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Chapter 6

BENEDICT TURPIN


Lenhart, in his double capacity of hackney coachman and purveyor of travellers and tourists for the Hôtel Royal, Hanover, was well known to Mr. Stephen, landlord thereof, who gave him a cordial reception. Anxious to magnify the importance of his present consignment, Lenhart hastened to inform him that the new arrival was a mortal enemy of the Prussians, that he never missed a shot, and that if war were declared, he would place himself and his deadly weapon at the disposal of the King of Hanover. To all of which Stephen lent an attentive ear.

"But where does your traveller come from," he at length enquired.

"He says he's a Frenchman, but I don't believe it. I've never once heard him boast about anything, besides, his German is too good. But there, he is calling you."

Stephen quickly answered the summons. The stranger was talking to an English officer of the Royal Household and his English appeared no less fluent than his German. Turning to Stephen he said in the latter language.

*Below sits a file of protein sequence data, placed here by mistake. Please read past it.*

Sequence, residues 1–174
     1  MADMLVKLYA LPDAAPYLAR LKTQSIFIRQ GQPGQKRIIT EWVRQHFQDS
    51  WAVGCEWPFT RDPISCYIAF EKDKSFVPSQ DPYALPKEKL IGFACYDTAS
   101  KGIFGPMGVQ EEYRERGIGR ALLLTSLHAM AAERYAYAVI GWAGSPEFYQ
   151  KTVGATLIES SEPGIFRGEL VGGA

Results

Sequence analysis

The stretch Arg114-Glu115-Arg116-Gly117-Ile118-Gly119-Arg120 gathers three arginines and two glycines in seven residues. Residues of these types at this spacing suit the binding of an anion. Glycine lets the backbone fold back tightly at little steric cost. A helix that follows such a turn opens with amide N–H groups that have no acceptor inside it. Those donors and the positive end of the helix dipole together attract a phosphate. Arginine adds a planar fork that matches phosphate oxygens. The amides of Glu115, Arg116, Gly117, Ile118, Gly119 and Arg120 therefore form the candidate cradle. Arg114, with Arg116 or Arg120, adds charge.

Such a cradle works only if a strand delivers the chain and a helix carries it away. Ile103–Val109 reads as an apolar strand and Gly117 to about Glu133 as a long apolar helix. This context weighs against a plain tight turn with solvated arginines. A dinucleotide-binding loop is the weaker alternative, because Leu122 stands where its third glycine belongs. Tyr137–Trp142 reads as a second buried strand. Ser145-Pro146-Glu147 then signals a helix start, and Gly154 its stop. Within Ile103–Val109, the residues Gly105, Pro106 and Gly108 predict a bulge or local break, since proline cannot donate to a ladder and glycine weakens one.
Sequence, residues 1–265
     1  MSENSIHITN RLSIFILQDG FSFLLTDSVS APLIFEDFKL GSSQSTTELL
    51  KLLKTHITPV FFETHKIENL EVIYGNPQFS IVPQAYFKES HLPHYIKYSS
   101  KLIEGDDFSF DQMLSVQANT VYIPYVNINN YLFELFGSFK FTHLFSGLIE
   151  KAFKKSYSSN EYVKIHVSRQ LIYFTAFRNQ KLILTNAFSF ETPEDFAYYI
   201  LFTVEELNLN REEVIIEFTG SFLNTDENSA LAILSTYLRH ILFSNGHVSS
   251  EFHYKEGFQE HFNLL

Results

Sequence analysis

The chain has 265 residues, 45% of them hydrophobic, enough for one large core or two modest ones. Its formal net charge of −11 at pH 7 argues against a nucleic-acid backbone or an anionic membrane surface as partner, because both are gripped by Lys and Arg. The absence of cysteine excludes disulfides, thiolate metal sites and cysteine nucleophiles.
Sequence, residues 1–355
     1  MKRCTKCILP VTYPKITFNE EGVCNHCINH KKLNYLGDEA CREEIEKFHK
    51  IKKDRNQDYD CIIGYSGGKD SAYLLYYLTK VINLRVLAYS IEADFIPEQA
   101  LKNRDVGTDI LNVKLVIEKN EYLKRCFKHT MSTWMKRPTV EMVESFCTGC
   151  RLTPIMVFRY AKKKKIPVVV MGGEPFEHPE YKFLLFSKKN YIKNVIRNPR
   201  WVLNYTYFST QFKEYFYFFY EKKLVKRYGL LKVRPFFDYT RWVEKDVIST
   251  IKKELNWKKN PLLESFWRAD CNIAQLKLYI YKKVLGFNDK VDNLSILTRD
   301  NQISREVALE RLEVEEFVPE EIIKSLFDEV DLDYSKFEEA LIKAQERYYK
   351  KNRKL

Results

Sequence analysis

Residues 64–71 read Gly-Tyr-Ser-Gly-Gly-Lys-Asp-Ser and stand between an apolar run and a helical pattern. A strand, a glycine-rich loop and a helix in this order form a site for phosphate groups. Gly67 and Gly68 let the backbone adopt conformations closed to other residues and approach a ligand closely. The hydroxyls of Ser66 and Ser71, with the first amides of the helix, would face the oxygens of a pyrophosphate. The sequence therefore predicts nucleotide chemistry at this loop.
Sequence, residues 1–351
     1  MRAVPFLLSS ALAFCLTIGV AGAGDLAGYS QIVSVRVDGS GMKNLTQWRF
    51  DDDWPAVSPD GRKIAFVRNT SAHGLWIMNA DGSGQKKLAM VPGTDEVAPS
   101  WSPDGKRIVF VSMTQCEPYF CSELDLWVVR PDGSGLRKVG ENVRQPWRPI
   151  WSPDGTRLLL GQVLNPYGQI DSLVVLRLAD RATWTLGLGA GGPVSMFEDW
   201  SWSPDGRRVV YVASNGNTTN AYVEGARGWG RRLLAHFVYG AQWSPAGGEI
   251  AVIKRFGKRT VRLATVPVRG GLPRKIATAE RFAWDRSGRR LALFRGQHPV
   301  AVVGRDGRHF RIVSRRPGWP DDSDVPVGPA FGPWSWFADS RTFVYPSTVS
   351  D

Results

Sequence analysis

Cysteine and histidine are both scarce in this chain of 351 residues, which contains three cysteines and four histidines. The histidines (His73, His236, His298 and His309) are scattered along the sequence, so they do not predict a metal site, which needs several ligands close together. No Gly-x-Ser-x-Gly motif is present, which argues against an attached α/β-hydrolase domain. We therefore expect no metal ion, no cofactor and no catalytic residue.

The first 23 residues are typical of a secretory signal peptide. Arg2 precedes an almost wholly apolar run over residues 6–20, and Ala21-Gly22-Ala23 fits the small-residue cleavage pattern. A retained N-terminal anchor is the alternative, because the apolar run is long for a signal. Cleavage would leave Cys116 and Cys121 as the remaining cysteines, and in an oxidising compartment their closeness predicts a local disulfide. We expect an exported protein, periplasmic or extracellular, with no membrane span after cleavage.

"I have asked a question of Colonel Anderson, who has kindly given me one-half of the answer, and tells me to apply to you for the rest. I asked for the title of the principal newspaper here, and the name of its editor. Colonel Anderson says the 'Hanoverian Gazette,' but does not know the editor's name."

"Wait a moment, Excellency. Yes, yes, let me see. He is Herr Bodemeyer, a tall, thin man with a beard, is he not?"

"Never mind his appearance. I want his name and address. I wish to send him my card."